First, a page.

Although you struggle with anxiety, you have the potential to not let it overwhelm you and to actually hear what it might be trying to communicate to you.  When we choose to do this, we actually see these parts of us that we hate, like anxiety, as having wisdom, which makes it stop acting so neurotic and work for us rather than against us.

How different might your life be if you could support your anxiety in being more like a helpful advisor of things to consider rather than a panicking overwhelming voice that sounds the alarms about every little thing?  You’d feel more at ease and more able to trust yourself in riding the ups and downs of new parenthood with confidence.

You have the opportunity to change your relationship with your anxiety so that you can be a loving and present father and partner capable of being the backbone of your family.  And I really love helping new dads get to this place.

Here are the 4 reasons I love helping anxious new dads become confident parents.

1) I was lucky enough to watch my own husband grow from anxious to confident in his parenting.

My husband hasn’t had it easy in the attachment arena as he was given up for adoption at the age of 5, spent a couple years in foster care, and luckily did get adopted by a good family at age 7.  When we decided to have a baby, he did a lot of reflection on how he might be as a dad, and he had some concern that he might not be as good of a dad as he wanted to be due to a history of unattaching when he felt threatened, angry or fearful.

I feel so damn proud of him because he has worked to recognize this pattern and we are thriving as a family because he is learning to stay in relationship with his daughter even when angry and fearful.  She is teaching him how to attune and stay connected, and our relationship has shown him loving people can and will be there.

His transformation has been a huge blessing for us and for him as his confidence grows and I want that for every father who struggles with anxiety and doubts their abilities to father well.

2) Our world needs more hands on and involved dads raising kids.

Times are changing.  More dads are actively involved in the parenting process then ever before.  And in reality, they should be.  We thrive when we have healthy doses of the masculine and feminine equally.  There is no research out there that proves that women mother better or are better parents.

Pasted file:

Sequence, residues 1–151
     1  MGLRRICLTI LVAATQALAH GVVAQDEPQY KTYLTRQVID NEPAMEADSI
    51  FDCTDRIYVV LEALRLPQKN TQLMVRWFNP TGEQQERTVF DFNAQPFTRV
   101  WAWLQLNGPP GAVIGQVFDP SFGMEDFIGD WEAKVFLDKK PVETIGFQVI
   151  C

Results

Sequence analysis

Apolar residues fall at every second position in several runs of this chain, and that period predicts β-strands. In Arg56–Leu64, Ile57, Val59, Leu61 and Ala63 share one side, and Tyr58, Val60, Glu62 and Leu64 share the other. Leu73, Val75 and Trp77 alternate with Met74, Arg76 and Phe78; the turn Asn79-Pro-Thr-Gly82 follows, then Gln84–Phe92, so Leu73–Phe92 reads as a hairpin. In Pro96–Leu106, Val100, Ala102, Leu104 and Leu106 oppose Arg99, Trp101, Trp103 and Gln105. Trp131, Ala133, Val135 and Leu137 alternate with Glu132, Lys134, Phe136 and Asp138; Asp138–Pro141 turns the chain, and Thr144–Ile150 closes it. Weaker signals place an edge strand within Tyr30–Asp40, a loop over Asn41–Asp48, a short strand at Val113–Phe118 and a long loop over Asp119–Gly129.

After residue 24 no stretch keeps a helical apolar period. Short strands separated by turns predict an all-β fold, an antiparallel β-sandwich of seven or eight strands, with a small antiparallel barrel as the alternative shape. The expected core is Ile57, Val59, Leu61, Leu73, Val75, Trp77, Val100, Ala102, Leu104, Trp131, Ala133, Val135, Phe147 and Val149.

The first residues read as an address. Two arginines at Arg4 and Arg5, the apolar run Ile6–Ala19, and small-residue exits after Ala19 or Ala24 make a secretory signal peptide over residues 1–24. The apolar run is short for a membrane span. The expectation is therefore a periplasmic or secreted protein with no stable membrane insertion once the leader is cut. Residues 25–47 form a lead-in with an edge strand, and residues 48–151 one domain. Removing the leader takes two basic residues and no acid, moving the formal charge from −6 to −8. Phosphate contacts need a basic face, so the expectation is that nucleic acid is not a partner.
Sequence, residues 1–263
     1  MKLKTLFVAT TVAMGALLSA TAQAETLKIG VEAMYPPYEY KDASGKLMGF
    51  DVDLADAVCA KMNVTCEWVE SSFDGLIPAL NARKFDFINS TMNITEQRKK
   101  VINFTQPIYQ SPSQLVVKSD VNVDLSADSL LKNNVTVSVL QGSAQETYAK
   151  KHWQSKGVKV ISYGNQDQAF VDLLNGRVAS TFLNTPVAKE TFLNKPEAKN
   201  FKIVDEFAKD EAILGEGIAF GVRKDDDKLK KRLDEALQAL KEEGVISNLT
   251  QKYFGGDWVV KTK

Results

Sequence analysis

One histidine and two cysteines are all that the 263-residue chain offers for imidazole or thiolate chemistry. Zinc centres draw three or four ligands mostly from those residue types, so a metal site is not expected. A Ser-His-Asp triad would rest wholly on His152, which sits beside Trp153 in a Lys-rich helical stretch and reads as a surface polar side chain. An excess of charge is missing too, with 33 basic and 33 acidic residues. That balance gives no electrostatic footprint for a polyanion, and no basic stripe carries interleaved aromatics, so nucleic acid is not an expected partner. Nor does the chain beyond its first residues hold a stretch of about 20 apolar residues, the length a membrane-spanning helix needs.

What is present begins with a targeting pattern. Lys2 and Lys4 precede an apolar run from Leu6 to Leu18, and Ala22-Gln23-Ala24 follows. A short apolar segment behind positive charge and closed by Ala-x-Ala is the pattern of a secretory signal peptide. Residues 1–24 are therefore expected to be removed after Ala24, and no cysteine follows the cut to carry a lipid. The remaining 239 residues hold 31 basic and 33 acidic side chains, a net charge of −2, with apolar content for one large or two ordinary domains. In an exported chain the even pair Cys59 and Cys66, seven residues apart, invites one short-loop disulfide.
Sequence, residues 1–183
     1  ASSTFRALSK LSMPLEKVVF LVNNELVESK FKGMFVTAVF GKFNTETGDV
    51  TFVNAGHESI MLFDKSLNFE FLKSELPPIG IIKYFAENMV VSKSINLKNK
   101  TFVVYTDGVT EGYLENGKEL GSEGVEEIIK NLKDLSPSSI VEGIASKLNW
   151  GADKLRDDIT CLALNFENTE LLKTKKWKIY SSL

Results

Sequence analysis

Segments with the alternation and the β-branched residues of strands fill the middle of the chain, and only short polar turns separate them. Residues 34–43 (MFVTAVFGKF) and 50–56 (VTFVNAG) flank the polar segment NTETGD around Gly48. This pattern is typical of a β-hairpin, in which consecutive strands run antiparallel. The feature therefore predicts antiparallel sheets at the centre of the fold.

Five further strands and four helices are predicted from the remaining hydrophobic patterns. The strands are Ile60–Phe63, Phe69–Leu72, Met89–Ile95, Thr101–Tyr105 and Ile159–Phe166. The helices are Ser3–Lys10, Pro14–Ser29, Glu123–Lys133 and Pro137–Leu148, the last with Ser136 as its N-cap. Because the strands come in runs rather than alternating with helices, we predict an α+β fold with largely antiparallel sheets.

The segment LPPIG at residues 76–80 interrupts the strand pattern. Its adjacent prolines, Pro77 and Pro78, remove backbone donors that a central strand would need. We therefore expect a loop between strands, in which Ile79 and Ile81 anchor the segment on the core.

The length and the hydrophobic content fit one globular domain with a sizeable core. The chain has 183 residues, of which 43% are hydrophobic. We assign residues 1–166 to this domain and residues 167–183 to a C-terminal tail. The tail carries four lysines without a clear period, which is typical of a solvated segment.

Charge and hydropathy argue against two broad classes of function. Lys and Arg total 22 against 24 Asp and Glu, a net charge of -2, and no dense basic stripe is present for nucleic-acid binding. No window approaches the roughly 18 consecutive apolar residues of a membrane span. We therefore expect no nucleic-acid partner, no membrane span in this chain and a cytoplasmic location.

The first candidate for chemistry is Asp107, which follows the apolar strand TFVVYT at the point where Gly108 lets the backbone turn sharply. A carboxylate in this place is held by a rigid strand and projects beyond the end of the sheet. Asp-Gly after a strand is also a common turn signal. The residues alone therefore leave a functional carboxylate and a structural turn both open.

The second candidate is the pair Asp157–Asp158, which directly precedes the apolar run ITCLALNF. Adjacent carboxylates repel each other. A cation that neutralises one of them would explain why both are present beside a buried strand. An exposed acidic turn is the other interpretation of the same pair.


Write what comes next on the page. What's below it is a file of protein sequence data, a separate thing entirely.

In actuality, what makes a good primary caregiver is the ability to attune to a child’s needs – and this is not gender specific.  Attunement takes self-awareness, curiosity, and the ability to watch for, understand, and meet a child’s cues for food, comfort, sleep, love, etc.  Most of us can be taught to do that.

The cultural beliefs that men don’t know how to or aren’t good at being involved parents are bullshit.

The belief that men should be non- emotional (except to express anger) is bullshit.

The belief that men don’t need support and should do everything on their own is bullshit.

The belief that men should be the breadwinner and have no involvement in parenting is TOTAL bullshit.

I want to help continue shifting these paradigms and help you dads be happy and hands on parents, which means helping you unburden these cultural beliefs and learn to parent from your authentic self, instead of what you have been conditioned to believe.

3) I know anxiety and how to work with it, and becoming a dad makes a lot of men feel anxious.

Helping people heal themselves from crippling anxiety, self-doubt and complex trauma has become my life’s work, and that’s why I specialize in anxiety counseling and trauma therapy.  And then when you add in being able to help a new dad in these arenas during one of the most important transitions of their lives – well, I’m in.

While my own dad gets an award for most improved, my childhood with him was really difficult because of his own trauma.  Watching my husband transform into a wonderful, confident and present dad has given me so much hope for all dads with high anxiety.

So I bring a unique combination of street smarts (so to speak) and amazing training in holistic interventions to help you get to a sense of peace and self confidence in your new role as dad.

Most of the dads I work with say I bring a pretty balanced energy of nurture, gritty humor, and jedi mind tricks, and they know I’ve got their back.

4) Becoming a good parent means that we need to deal with our shit so we don’t pass it on down.

And here we get to the most important reason that I do what I do – because I want to help stop the cycle of transgenerational trauma through cutting edge trauma therapy.

Every time a dad doesn’t address their anxiety, doesn’t learn to truly take care of and value themselves and doesn’t get support, they pass that shit right on down to the next generation.

Literally.  Encoded right on their DNA (per the study of epigenetics).

But research is starting to show that our DNA can be re-encoded with markers of resilience and healing, thus supporting our future generations to not carry the same burdens – and this can happen after our children are born as well.

So my point is, actively choose to stop the cycle.  Give your children a good start by working on your shit.  The better you feel, the more present you will be, and the more love you can give.

You and your kids deserve it.

So if what I wrote speaks to you, email me at alexis@manacounseling.com.  I’d love to know.

Anxiety Counseling and Trauma Therapy for Dads| Mana Counseling| Boulder, CO